With each new edition I create, I receive 20 complimentary books from my publisher. For the sake of advertising, I donate many of these to large public libraries across my home state of Michigan. I also send them to reviewers and people I list in my Acknowledgments page. Another good idea is to send them to potential adopters. All these ideas are far better than letting them collect dust in your basement.

6: Use the same photo across social media
If you are active in various social media, use the same photo across different platforms for the sake of continuity. It makes it easy for others to recognize you. I had a professional headshot taken and then I use that for my LinkedIn account and my Amazon Author Page.

7: Use book specific business cards
This is an inexpensive and effective way to make it as easy as possible for students and other readers to contact you to offer their feedback. I list my e-mail, phone number, fax number, and even a post-office box address on my cards. Why a post-office box? Believe it or not, not everyone is connected to the internet.

8: Work with your publisher on book cover design
Ideally, your book cover should be a very attractive advertisement for your book that visually reveals what your book is all about. A bad cover can damage sales and a good cover can lead to impulse purchases (especially online). My original cover was very busy and poorly constructed. I approached my editor and offered to draft a new cover that could then be turned over to a graphic designer. Thankfully, my editor was open to doing this and the result was a much more appealing cover.

9: Network with other authors and illustrators
Regardless of academic discipline, all authors face the same challenges. Whether it is dealing with deadlines or improving your time management, the more tips the better. For me, the best organizations to network with fellow authors are TAA and HAPS. Needless to say, when it comes to networking with other scientific illustrators, nothing beats GNSI!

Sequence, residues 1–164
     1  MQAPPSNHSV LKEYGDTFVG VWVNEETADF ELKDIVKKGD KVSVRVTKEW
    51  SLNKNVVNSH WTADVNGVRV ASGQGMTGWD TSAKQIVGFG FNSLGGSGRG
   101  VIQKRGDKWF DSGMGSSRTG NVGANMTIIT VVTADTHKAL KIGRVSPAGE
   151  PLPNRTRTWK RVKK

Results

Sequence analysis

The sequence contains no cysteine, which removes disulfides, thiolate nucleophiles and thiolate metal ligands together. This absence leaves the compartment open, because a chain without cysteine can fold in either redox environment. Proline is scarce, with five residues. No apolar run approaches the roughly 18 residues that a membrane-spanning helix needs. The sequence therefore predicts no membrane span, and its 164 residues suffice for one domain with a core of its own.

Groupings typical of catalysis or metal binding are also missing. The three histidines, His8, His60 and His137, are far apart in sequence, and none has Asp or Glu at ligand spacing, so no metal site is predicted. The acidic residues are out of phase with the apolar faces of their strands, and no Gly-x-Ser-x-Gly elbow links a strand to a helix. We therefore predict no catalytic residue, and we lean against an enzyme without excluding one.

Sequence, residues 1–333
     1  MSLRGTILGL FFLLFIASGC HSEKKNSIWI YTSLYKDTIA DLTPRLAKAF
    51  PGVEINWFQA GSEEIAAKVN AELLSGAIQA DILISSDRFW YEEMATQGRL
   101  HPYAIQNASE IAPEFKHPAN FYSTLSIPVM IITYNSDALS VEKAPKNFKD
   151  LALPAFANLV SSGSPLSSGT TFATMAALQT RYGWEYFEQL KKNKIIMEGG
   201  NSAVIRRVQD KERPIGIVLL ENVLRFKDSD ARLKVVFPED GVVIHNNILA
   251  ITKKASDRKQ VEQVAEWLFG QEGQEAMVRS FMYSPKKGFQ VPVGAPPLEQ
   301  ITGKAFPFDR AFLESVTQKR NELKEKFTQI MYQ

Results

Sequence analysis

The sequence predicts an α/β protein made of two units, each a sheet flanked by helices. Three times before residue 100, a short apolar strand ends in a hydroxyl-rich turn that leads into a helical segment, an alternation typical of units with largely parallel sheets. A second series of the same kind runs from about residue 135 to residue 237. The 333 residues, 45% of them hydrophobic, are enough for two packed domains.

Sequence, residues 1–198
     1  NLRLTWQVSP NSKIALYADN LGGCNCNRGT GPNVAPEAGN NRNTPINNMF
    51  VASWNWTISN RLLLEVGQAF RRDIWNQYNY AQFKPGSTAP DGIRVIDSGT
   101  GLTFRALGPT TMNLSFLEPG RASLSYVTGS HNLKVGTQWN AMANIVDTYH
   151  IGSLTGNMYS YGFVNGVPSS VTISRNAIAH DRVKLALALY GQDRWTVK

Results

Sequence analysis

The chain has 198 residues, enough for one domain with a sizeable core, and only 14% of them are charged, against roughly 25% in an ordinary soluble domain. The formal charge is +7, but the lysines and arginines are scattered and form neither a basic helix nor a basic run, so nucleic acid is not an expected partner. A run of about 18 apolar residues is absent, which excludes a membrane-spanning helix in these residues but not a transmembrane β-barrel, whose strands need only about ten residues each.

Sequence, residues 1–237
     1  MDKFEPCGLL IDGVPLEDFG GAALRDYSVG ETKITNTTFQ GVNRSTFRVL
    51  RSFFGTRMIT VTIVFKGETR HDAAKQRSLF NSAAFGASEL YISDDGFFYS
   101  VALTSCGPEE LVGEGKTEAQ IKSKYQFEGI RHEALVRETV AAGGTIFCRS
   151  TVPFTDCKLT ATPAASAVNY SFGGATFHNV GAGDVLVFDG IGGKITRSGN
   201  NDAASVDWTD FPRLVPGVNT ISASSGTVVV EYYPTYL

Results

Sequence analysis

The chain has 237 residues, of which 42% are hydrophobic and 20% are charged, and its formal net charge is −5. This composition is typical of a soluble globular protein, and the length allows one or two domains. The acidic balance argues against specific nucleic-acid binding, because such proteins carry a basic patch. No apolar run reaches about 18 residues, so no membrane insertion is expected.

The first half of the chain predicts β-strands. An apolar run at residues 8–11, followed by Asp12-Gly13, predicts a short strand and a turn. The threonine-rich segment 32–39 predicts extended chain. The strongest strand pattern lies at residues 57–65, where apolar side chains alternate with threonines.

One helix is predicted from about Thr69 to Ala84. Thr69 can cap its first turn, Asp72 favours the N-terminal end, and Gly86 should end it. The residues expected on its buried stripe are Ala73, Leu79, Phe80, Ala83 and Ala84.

10: Work with sales representatives
I highlighted the best features of my books, and offered tips for landing new adoptions. Reaching out to the sales reps and treating them with respect helped strengthen us as a team. During the holiday season, I send them each a small gift certificate which is always greatly appreciated. My editor told me that I am the only one of their authors who does this.

11: Work with your publisher to market your book
Creating a quality product that is unique is the best way to help your publisher sell your book. I also gave my editor a list of “selling points” to share with the sales reps. At conferences, I sometimes sit at my publisher’s booth to chat with the professors and answer their questions about my books. Most authors believe it is exclusively the publisher’s job to market your book(s). In fact, authors should always work with their publisher in a team effort to market the book(s).

12: Seek a royalty based book project
Most illustrators for anatomy & physiology textbooks are hired on a work-for-hire basis. However, it’s still possible to negotiate a royalty to work on a team with a specific author. If the book is successful, both the author and the illustrator will benefit from a regular stream of income.

This article summarizes the marketing tips I explained in my presentation at the 2014 GNSI conference in Boulder, Colorado. If you would like a copy of my PowerPoint presentation then please contact me at [email protected].

Paul Kriger PotraitPaul Krieger, Professor of Biology, is an award-winning teacher who has been teaching anatomy & physiology and general biology at Grand Rapids Community College (Grand Rapids, Michigan) for over twenty years. He is the author and illustrator of a very popular four-book series called The Visual Analogy Guides with Morton Publishing. His books are used by many students across the United States and Canada and cover the topics of anatomy & physiology as well as chemistry. These unique books offer a contextualized learning approach that helps students better understand difficult subjects in science. Paul is also an active member in many professional organizations such as the Human Anatomy & Physiology Society (HAPS), Michigan Community College Biologists (MCCB), and the Michigan Science Teacher’s Association (MSTA).